placebo use to subjects and parents.
RESULTS: Seventy children completed the study. There were no differences
in subject retention among the 3 groups. Most subjects in the RD/P group
remained stable during the treatment phase, whereas most in the RD group
deteriorated. There was no difference in control of ADHD symptoms
between the RD/P group and the full dose group, and both RD/P and full
dose groups showed better ADHD control than the RD group. Treatment
emergent side effects were lowest in the RD/P group.
CONCLUSION: Pairing placebos with stimulant medication elicits a placebo
response that allows children with ADHD to be effectively treated on 50%
of their optimal stimulant dose.
Detection of feigned ADHD in college
Sollman, Myriam J.; Ranseen, John D.; Berry, David T. R.
Psychological Assessment, June 2010, v22 n2, pp. 325-335.
Significant motivations and incentives exist for young-adult
students to seek a diagnosis of attention-deficit/hyperactivity disorder
(ADHD). With ADHD information readily accessible on the Internet,
today's students are likely to be symptom educated prior to evaluation.
This may result in false-positive diagnoses, particularly when students
are motivated to convey symptoms. We evaluated the utility of ADHD
symptom checklists, neurocognitive tests, and measures initially
developed to detect feigned neurocognitive or psychiatric dysfunction
(symptom validity tests [SVTs]). The performance of 31 undergraduates
financially motivated and coached about ADHD via Internet-derived
information was compared to that of 29 ADHD undergraduates following
medication washout and 14 students not endorsing symptomatology. Results
indicated malingerers readily produced ADHD-consistent profiles. Symptom
checklists, including the ADHD Rating Scale and Conners's Adult ADHD
Rating Scale-Self-Rating Form: Long, were particularly susceptible to
faking. Conners's Continuous Performance Test-II findings appeared more
related to motivation than condition. Promising results were seen with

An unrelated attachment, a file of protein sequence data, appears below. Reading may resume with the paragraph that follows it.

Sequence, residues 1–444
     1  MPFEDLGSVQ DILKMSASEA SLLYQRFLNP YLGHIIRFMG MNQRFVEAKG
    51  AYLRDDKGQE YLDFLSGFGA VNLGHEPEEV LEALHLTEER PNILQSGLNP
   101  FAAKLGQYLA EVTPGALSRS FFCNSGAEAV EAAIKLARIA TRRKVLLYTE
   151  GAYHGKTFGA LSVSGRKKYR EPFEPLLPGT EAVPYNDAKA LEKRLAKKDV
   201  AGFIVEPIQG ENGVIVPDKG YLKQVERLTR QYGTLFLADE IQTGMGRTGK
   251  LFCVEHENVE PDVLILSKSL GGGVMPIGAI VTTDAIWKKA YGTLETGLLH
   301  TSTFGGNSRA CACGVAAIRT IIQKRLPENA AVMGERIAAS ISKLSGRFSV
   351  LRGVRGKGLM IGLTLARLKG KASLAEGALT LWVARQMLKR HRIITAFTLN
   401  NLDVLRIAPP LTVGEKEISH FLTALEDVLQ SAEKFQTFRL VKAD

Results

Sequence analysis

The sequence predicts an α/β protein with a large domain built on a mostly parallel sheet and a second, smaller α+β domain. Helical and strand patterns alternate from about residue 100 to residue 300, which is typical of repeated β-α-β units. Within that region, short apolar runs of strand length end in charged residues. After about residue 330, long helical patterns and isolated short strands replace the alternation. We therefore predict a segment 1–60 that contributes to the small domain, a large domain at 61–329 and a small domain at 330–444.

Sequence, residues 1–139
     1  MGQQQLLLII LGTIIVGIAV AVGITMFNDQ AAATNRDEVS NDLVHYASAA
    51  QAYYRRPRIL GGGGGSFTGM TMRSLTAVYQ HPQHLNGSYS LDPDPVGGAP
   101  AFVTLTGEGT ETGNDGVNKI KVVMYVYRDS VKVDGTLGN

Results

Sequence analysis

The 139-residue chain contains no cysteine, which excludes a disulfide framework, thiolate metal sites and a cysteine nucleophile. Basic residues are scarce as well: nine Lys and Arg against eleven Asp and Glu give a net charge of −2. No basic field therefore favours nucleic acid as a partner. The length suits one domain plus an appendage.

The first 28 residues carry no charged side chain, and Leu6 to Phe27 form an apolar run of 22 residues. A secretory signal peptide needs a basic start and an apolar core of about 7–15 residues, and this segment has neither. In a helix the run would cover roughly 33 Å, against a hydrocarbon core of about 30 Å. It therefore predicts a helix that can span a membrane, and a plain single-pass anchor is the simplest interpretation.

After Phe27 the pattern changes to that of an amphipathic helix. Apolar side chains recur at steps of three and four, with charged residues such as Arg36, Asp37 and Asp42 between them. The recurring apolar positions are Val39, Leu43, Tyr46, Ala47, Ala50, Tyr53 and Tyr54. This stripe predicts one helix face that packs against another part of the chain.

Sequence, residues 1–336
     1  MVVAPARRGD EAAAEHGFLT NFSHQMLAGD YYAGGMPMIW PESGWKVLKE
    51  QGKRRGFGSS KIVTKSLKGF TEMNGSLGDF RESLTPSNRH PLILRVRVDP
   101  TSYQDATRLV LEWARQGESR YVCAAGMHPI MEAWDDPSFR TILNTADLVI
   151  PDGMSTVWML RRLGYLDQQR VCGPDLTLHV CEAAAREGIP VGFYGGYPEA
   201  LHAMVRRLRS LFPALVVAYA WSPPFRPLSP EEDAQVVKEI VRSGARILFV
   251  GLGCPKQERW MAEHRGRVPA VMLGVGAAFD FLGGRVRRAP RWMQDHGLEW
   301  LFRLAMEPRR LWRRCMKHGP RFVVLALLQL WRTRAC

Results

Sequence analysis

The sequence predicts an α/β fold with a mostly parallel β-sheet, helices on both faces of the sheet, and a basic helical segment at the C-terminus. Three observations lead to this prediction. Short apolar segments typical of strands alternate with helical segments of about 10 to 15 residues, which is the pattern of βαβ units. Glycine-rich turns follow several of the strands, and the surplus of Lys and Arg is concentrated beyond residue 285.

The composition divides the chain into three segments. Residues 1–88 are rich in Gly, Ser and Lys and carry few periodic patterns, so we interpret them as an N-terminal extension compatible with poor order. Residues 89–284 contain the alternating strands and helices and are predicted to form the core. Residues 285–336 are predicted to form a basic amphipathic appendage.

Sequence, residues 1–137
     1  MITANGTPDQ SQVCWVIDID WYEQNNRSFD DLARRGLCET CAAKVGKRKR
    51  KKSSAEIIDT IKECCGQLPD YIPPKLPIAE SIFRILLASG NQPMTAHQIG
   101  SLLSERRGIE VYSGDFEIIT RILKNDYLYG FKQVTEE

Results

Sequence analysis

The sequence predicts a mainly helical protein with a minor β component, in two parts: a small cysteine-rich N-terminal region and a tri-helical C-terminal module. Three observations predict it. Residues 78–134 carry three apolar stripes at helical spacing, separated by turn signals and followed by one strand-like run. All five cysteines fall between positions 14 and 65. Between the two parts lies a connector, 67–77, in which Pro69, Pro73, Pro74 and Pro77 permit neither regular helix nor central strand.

all cognitive SVTs (Test of Memory Malingering [TOMM], Digit Memory
Test, Letter Memory Test, and Nonverbal-Medical Symptom Validity Test),
particularly TOMM Trial 1 when scored using Trial 2 criteria. All SVTs
demonstrated very high specificity for the ADHD condition and moderate
sensitivity to faking, which translated into high positive predictive
values at rising base rates of feigning. Combining 2 or more failures
resulted in only modest declines in sensitivity but robust specificity.
Results point to the need for a thorough evaluation of history,
cognitive and emotional functioning, and the consideration of
exaggerated symptomatology in the diagnosis of ADHD. (PsycINFO Database
Record © 2010 APA, all rights reserved).
A Randomized, Single-Blind, Substitution
Study of OROS Methylphenidate (Concerta) in ADHD Adults Receiving
Immediate Release Methylphenidate
Spencer, Thomas J.; Mick, Eric; Surman, Craig B. H.; Hammerness, Paul;
Journal of Attention Disorders, May 21, 2010, Online
OBJECTIVE: The main aim of this study was to examine the efficacy,
tolerability, and compliance of an extended-release formulation of
methylphenidate (OROS-MPH) in adults with ADHD receiving
immediate-release methylphenidate (IR-MPH).
METHOD: Participants were outpatient adults with ADHD who were stable on
IR-MPH-administered TID. Participants were randomized (4:1) to
equipotent doses of OROS-MPH or to continue IR-MPH and were assessed
weekly for 6 weeks with the Adult ADHD Investigator System Symptom
Report Scale (AISRS). RESULTS: Randomization of 53 IR-MPH responders to
IR- or OROS-MPH had no effect on AISRS score at endpoint (11.2 +/- 6.9
vs. 10.7 +/- 5.1, p = .8). Participants stabilized on IR-MPH and